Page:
Furthermore, the worth of land is much more than the people who live in it. Lakes, rivers, forests, mountains, wildlife and other resources have their own intrinsic value. These are important sources of generating revenue for any territorial-administrative unit such as the BTAD which could enable it to become truly self-sustainable and self-governing. Certain riverine areas, wastelands, forest areas and other topographical features were included in the BTAD to maintain geographical contiguity regardless of who inhabited them. Bodos and other indigenous tribals also share deep emotional and spiritual bonds with the ancestral lands that their forefathers cultivated and nurtured for generations by shedding their blood, sweat and tears on them.

Secondly, the agreement explicitly says that only those villages with tribal majority and are contiguous to the present BTAD would be included in the BTR. But if this criterion of contiguity is followed, lakhs of Bodos of Sonitpur, Biswanath, Lakhimpur and Dhemaji districts would be left out of the BTR. This would be grossly unjust on the Bodos of these areas who have made supreme sacrifices in the struggle for a separate Bodoland. I am aware that rearranging geographical boundaries is a complicated and massive task, but at least a firm commitment could have been made to include tribal majority villages of these areas within the BTR. A proposed welfare council for Bodos outside the BTAD is not going to fulfil the aspirations of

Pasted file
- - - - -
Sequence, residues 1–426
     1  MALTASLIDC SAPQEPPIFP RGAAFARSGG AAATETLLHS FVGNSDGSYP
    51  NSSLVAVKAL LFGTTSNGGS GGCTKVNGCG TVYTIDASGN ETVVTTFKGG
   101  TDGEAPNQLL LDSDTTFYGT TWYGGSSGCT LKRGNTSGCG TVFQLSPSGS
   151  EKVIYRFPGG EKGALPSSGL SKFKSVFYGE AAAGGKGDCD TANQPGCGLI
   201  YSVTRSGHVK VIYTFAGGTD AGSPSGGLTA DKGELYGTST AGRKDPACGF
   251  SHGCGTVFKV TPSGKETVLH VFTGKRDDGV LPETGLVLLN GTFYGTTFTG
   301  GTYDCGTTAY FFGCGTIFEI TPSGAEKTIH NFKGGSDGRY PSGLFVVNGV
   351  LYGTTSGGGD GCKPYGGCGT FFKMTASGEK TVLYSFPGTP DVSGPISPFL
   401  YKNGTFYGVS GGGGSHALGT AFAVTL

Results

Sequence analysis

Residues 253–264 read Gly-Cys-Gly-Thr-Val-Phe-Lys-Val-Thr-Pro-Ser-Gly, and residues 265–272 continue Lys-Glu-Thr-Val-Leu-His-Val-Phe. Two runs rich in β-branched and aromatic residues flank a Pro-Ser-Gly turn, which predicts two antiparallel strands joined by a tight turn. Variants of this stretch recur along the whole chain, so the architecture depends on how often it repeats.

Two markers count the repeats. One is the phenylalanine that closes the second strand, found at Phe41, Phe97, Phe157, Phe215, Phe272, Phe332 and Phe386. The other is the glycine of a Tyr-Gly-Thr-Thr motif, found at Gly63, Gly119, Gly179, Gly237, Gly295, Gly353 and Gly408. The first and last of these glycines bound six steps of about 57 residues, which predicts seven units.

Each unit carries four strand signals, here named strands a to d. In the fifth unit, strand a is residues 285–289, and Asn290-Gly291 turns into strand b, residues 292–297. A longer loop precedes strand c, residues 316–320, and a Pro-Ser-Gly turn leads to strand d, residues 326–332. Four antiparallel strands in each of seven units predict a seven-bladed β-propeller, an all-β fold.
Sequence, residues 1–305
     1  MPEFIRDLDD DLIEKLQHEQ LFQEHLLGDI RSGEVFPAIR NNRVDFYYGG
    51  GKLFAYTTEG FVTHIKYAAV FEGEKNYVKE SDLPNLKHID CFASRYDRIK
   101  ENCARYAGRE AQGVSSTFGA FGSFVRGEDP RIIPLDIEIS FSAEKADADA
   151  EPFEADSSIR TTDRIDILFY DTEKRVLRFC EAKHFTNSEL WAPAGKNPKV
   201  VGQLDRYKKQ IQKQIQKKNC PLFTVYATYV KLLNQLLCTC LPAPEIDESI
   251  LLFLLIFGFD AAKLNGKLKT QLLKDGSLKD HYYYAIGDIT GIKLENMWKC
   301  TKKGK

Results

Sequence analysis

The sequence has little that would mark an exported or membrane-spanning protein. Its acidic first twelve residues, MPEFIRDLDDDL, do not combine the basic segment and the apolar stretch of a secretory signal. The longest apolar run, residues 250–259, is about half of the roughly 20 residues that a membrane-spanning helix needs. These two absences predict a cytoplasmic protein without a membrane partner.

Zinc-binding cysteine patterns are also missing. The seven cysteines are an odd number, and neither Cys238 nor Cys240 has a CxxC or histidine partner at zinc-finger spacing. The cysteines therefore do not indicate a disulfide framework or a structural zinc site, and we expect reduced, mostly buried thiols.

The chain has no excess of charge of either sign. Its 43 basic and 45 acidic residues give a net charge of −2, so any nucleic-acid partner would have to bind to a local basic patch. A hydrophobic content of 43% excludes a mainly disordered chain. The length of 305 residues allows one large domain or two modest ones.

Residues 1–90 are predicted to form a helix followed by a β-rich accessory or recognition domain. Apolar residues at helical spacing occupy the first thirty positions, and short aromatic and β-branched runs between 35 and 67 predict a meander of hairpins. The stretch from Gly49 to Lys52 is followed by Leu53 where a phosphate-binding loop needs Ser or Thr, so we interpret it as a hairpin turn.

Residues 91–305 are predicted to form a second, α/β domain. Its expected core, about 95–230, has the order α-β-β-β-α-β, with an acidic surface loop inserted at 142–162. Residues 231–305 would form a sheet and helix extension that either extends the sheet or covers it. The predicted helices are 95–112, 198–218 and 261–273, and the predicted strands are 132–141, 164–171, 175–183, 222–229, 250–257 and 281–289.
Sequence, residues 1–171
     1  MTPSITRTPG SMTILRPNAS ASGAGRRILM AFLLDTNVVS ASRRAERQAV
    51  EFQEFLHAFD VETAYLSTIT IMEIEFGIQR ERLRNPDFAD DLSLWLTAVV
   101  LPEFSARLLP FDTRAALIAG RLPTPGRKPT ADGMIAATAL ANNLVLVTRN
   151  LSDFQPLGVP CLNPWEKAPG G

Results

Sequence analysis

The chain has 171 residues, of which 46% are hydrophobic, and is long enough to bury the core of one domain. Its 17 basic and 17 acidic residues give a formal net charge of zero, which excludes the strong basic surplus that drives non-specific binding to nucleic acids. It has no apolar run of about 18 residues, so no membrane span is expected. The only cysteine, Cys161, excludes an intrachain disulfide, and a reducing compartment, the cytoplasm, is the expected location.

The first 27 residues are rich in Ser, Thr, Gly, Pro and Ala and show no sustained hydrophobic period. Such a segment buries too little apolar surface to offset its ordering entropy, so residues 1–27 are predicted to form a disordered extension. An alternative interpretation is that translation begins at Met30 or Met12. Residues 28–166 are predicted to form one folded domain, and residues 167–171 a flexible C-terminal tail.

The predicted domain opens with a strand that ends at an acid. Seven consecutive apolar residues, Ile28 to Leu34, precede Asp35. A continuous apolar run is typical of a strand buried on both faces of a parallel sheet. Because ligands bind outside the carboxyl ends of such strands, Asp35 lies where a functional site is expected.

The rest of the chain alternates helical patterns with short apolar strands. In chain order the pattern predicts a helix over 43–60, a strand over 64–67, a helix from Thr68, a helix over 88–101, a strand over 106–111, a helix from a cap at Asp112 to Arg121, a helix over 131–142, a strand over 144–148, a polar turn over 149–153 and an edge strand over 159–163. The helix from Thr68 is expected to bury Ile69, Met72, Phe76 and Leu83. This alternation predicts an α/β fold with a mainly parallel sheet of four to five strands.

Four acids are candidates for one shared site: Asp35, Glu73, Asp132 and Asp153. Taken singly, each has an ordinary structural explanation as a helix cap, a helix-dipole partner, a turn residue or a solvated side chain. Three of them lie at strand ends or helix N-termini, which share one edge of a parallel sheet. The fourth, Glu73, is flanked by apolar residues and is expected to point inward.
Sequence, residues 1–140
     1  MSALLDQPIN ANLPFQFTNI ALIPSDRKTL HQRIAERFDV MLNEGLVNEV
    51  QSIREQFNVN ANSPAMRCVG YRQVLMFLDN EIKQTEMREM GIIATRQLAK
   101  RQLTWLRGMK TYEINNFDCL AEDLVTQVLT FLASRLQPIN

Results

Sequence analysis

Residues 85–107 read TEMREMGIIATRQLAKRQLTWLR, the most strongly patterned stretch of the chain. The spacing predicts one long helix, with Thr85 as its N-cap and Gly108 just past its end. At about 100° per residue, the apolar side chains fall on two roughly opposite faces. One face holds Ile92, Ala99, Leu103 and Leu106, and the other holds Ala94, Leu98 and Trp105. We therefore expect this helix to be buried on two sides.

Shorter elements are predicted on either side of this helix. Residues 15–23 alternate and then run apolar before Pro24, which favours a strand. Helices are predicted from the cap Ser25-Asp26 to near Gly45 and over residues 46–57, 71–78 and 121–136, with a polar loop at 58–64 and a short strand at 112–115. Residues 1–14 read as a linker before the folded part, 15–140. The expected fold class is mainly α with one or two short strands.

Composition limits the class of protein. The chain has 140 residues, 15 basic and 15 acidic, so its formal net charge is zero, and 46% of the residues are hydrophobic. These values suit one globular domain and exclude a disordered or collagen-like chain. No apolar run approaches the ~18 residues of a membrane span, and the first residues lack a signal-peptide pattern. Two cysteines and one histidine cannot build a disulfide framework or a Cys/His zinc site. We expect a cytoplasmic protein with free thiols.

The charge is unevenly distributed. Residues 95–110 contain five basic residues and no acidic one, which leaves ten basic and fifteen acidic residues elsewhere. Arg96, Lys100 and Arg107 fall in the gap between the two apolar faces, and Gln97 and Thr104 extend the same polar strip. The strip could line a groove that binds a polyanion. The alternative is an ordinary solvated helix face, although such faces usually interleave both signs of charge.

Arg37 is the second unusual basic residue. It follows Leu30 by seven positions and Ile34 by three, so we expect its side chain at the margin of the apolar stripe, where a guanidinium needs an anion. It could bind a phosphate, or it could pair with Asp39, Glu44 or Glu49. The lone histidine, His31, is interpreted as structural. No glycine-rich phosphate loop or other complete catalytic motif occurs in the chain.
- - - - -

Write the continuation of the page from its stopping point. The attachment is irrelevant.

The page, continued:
these people because such councils have failed miserably in Assam due to lack of genuine autonomy and lack of finance.

Finally, why was there so much hurry to conclude and sign the agreement? It is understandable that an armed insurgency against the might of the Indian state cannot go on forever and I am sure that the leaders of the NDFB had the best interests of Bodos in mind while negotiating with the government. But a peaceful movement led by the ABSU could be relatively sustainable on a long-term basis. The BPF is just another political party willing to do anything to stay in power, but why the ABSU had to squeeze itself in to the signing ceremony and become a signatory to the accord is a bit puzzling.


They could have provided moral support from the outside instead of fully abandoning the long- term birthright of the Bodos. Did the government compel them to be a part of the accord or have the leaders of the ABSU started to suffer from fatigue? Or perhaps the accord had been in the pipeline for quite some time now and the timing of the upcoming BTC elections and the CAA fiasco were just coincidences!

Perhaps, they could have signed a framework agreement instead, like the NSCN did in 2015. The Nagas have been negotiating with the government of India for over two decades now, involving various civil society organizations such as the Naga Hoho and Naga Mothers Association apart from the NSCN. I do not want to compare apples with oranges. But the
parties to the Bodo accord could have stretched out the process a bit longer and involved more stakeholders and consulted various civil society members before deciding on the final agreement. I have other apprehensions and worries regarding the future of the Bodos. But let me end on a positive note and hope that the peace accord brings peace and development to
the region and its people at least in the foreseeable future.